How to Get on the PGA Tour

Wide-angle view of 16th hole at PGA Tour Phoenix Open
Want to make this scene? Qualifying for the PGA Tour is very - VERY - difficult. Marianna Massey/Getty Images

PGA Tour qualifying has never been easy. Earning that tour card and the right to call oneself a member of the PGA Tour has always been a difficult endeavor. Beginning in 2013, it got even tougher.

From 1965 through 2012, the "easiest" method of PGA Tour qualifying was through PGA Tour Q-School. "Q-School" was a series of qualifying tournaments culminating in a final tournament, after which a certain number of the top finishers were awarded PGA Tour membership for the following season.

But since 2013, Q-School no longer gets a golfer onto the PGA Tour, and the methods for making the tour are fewer. Q-School still exists, but award spots on the Tour, the PGA Tour's developmental circuit. The route to the PGA Tour switched from Q-School to the Tour Finals, a series of season-ending tournaments whose fields are comprised of the Tour's top money earners, plus PGA Tour golfers who failed to qualify for the PGA Tour's FedEx Cup playoffs.

So the short answer to the question, "What is the primary way of qualifying for PGA Tour membership?" is:

  • Become a Tour member (via Q-School),
  • then perform well enough during the season and in the Tour Finals to advance up to the PGA Tour.

There are a couple other possibilities, which we'll discuss, but that is the most likely route for any golfer.

Earning PGA Tour Card Through Tour

Remember, a golfer has to first earn Tour membership via the new Q-School. Once a golfer is on the Tour, he can "graduate" to the PGA Tour one of two ways:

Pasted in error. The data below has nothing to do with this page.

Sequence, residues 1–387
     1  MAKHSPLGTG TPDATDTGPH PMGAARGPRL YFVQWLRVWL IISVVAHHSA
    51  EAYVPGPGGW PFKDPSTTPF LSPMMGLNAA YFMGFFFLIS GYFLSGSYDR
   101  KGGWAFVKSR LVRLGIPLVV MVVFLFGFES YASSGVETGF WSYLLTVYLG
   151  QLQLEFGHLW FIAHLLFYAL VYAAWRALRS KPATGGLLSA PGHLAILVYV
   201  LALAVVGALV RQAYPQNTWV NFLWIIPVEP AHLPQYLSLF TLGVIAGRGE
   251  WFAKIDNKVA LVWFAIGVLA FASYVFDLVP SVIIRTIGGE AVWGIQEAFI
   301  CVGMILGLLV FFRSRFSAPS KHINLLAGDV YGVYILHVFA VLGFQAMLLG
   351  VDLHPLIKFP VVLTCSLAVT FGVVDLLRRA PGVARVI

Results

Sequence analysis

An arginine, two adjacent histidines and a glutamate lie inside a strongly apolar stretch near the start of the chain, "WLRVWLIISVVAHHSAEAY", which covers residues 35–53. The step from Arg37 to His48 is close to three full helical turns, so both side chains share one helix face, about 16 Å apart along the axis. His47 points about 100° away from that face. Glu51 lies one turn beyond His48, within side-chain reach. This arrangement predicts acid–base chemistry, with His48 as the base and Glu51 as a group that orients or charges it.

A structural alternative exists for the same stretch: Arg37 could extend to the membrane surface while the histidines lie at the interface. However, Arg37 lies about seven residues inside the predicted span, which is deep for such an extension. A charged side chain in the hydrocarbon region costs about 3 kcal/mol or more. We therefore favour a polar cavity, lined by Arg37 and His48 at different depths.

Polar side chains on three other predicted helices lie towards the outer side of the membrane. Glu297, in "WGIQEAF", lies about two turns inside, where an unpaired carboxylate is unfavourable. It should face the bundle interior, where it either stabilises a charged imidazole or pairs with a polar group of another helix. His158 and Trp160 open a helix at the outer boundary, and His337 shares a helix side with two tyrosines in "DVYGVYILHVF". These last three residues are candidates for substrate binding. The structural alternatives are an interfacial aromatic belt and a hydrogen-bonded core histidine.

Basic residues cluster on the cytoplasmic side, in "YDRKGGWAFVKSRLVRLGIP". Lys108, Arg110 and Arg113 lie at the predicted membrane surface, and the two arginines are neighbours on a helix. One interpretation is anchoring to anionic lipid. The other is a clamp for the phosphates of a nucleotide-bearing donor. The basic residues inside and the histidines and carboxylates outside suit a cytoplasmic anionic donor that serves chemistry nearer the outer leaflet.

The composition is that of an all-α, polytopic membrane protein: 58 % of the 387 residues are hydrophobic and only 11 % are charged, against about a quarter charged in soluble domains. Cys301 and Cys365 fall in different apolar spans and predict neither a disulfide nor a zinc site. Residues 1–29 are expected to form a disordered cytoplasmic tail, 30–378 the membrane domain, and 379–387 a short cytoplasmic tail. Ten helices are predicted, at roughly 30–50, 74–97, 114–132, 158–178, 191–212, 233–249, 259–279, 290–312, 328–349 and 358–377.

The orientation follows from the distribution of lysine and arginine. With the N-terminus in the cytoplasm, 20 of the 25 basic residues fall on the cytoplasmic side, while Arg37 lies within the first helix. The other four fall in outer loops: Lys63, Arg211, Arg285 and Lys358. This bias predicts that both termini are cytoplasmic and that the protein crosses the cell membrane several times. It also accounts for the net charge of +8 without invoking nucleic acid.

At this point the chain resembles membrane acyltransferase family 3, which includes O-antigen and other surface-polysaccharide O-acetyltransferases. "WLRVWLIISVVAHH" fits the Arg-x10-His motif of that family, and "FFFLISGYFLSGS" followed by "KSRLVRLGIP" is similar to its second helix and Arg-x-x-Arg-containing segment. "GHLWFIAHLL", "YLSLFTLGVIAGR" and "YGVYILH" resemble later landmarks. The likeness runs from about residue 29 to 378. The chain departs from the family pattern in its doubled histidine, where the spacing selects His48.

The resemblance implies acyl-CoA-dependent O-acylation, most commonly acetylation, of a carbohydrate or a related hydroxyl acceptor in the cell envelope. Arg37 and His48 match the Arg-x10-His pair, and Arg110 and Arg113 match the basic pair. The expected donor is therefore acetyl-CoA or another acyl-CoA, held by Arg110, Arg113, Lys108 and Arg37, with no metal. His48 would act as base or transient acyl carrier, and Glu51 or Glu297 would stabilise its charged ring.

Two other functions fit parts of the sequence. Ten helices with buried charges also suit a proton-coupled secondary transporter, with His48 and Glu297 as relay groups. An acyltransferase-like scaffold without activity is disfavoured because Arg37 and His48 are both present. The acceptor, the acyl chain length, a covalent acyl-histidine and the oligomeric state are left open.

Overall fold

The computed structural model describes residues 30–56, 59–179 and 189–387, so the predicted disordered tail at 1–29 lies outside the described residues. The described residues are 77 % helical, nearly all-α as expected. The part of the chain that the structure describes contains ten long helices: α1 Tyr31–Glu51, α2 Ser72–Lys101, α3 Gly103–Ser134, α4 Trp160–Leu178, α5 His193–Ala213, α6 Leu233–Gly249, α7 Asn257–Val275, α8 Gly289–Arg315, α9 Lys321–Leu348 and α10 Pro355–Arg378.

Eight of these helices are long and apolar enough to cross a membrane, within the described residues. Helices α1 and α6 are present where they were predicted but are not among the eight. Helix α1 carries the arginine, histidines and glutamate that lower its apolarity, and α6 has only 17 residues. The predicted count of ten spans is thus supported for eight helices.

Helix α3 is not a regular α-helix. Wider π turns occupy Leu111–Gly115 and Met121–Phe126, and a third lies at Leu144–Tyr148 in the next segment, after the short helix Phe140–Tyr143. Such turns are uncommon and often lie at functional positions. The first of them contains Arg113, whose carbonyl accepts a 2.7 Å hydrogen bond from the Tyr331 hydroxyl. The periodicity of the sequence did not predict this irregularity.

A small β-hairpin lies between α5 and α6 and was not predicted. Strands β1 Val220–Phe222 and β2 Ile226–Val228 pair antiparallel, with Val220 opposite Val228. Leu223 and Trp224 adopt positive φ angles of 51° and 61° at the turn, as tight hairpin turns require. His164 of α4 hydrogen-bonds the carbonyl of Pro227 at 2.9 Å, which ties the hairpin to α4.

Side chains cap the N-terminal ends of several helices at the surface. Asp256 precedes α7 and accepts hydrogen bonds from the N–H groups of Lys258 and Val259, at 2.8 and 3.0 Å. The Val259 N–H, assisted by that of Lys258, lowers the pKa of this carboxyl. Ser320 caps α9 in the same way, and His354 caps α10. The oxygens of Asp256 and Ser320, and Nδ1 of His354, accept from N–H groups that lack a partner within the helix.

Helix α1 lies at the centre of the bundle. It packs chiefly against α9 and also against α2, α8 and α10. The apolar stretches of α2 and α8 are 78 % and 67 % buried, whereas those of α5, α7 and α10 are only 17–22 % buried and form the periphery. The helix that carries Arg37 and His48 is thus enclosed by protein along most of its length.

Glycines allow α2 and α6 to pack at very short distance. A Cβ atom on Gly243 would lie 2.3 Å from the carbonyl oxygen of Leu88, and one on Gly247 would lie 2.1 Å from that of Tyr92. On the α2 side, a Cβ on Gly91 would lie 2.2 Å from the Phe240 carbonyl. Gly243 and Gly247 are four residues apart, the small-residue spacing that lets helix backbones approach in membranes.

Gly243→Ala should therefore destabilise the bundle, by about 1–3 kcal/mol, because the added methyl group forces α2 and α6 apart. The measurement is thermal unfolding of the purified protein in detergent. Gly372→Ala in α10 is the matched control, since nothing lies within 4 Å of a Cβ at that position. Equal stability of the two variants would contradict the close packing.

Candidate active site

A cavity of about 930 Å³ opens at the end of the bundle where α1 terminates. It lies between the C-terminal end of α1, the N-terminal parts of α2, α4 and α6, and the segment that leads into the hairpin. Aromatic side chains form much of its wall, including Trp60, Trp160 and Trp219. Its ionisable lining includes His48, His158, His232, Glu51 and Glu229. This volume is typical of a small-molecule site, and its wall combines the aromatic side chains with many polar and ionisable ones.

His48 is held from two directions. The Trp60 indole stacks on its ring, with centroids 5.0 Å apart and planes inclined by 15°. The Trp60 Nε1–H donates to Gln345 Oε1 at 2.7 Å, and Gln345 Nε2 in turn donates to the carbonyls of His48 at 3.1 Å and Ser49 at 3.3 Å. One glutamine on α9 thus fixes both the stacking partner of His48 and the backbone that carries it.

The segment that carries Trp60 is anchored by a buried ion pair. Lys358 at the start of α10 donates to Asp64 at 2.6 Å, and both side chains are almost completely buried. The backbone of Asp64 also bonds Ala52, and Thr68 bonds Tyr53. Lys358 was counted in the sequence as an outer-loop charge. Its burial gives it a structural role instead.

• Battlefield promotion: Win three times in a single season on the Tour, and that golfer immediately gains PGA Tour membership. This is referred to as the "battlefield promotion" way to reaching the PGA Tour.
  • Tour Finals: Or earn a PGA Tour card by advancing through the "the Finals."

Here's the short version of how the Tour Finals awards PGA Tour cards:

  • "The Finals" is a series of four Tour tournaments that follow the conclusion of the Tour "regular season." Golfers who finish in the Top 75 on the Tour money list, plus golfers who finish 126-200 on the PGA Tour FedEx Cup points list, make the fields for these tournaments. The first Tour Finals took place in September 2013.
  • A total of 50 golfers earns PGA Tour cards through the Tour Finals process. Golfers who finish 1-25 on the money list are guaranteed 25 of those cards (but still play the Finals to establish priority ranking); the other 25 cards go to the golfers earning the most cumulative money in the Finals tournaments.

Other Methods of PGA Tour Qualifying

So, beginning in 2013 the Tour Finals replaced PGA Tour Q-School as the means of earning a PGA Tour card; and Q-School only gets you onto the Tour, not the PGA Tour.

Are there any other ways - aside from advancing through the Tour - to earn PGA Tour membership? Yes, there are several other ways, but they are all unlikely to happen.

  • Win a PGA Tour Tournament or Major: Hey, we warned you it was unlikely! But if a non-PGA Tour member gets into a PGA Tour event (for example, as a sponsor exemption or through Monday qualifying), or into a major, and then wins that tournament, he gains PGA Tour membership.
  • Earn Lots of Points In Just a Few Tour Appearances: As with above, this PGA Tour qualifying method requires a non-member to get into events through sponsor exemptions or via Monday qualifiers. If a golfer can get into enough tournaments in this fashion - and then perform well enough in those tournaments - he might be able to earn a PGA Tour card. If such a golfer earns enough FedEx Cup points that he would rank in the Top 125 at the end of the season were he a member, he earns a PGA Tour card for the following year. A golfer earning his PGA Tour card through this method does happen, but it is very rare.
  • Earn In-Season 'Special Temporary Membership': A golfer can earn "special temporary membership" on the PGA Tour for the current season if he compiles enough FedEx Cup points. He must compile the amount of FedEx Cup points equal to or greater than the points earned by the player in 150th place on the FedEx Cup points list at the end of the prior season. However, such a golfer would still have to earn a tour card for the following season through one of the methods outlined above.

There are other ways for a golfer to remain on the PGA Tour (rather than losing his card) if he is already a PGA Tour member. For non-members, the above methods are the only ways to qualify for PGA Tour membership.